Holy Trinity Church, which dominates the High Street, was built by Bishop Gundulf c.1080. There is good evidence to suggest that a much earlier church occupied the site in Saxon times. The church provided a focus for the religious and ceremonial life of medieval Dartford. The building was significantly enlarged during the reign of Henry III (1216-72) to accommodate a new chapel dedicated to St Thomas of Canterbury for use by visiting pilgrims. Pilgrimages to Canterbury ceased in 1538 during the reign of Henry VIII. At this time, Becket’s altar was removed from the church, his festivals abolished, and the local trade in pilgrim souvenirs was halted. Consequently, many Dartford traders lost a valuable source of income.
Further extensions were added to the church during the reigns of Edward I (1272-1307) and Edward II (1307-27). In 1313, Thomas de Wouldham, Bishop of Rochester, visited the church to inspect a new window, which his chaplain Hamo de Hethe commissioned. About 1470, bells were hung in the newly heightened tower.
Regular maintenance and upkeep of the church property was an expensive business, the cost being borne by the parishioners. In 1470 the church roof had to be re-covered with lead. Shortly afterwards, the church tower was heightened. A document of 1453 confirms that the church administered its own cemetery sited right next to the church building.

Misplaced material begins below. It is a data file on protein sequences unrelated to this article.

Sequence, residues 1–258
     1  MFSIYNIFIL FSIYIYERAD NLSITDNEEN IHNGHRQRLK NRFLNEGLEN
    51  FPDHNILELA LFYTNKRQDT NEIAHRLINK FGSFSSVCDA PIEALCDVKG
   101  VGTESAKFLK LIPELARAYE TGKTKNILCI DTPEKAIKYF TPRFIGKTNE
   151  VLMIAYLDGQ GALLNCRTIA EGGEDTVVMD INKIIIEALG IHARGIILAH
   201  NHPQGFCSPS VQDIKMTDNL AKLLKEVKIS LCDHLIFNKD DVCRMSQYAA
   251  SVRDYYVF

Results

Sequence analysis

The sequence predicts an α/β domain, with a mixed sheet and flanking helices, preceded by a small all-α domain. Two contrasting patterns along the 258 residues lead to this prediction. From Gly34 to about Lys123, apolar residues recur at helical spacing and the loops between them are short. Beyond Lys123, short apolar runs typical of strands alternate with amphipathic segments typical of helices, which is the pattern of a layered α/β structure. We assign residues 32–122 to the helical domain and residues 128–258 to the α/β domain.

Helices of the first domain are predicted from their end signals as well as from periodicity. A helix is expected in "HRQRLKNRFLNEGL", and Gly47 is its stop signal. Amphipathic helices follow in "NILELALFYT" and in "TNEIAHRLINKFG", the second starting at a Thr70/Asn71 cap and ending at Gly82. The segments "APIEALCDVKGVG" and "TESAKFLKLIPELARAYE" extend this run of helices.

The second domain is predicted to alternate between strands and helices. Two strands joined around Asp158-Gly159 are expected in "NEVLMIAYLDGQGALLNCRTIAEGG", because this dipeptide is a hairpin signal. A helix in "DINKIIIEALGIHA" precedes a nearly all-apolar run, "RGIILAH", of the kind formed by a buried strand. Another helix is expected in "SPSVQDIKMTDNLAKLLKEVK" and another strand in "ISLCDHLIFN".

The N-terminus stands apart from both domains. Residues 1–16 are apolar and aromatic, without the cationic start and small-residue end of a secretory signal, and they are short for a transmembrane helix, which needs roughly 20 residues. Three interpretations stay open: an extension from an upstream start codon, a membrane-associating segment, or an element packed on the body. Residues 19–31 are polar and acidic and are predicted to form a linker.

Prior to the Reformation, the church had no seats or pews for worshippers. The congregation remained standing during services. At least four main altars and other shrines decorated the church. The high altar was dedicated to the Holy Trinity. Three additional altars were dedicated to St Thomas of Canterbury, St Mary, and St Ann. Statues of the Virgin Mary and St Anthony occupied a prominent position. A niche known as Sepulchre was used to display a crucifix during Holy Week. The front of the church was dominated by a large illuminated rood or cross.
Masses were said in the church for the souls of the departed. Singing or chanting in Latin formed an integral part of the worship. In c.1485, a magnificent fresco depicting St George slaying the dragon was painted on the east wall of St Mary's chapel. This painting can still be seen in the church today. Some of Dartford’s wealthy residents, like Thomas Bond, asked to be buried close to the main altar in the church. Prominent local worthies were commemorated in the church when they died. A fine commemorative brass can still be seen in the church today commemorating Richard Martyn who died 18 February 1402. A chantry or chapel known as Stampit Chantry was founded by Thomas de Dertford at Holy Trinity church in 1338.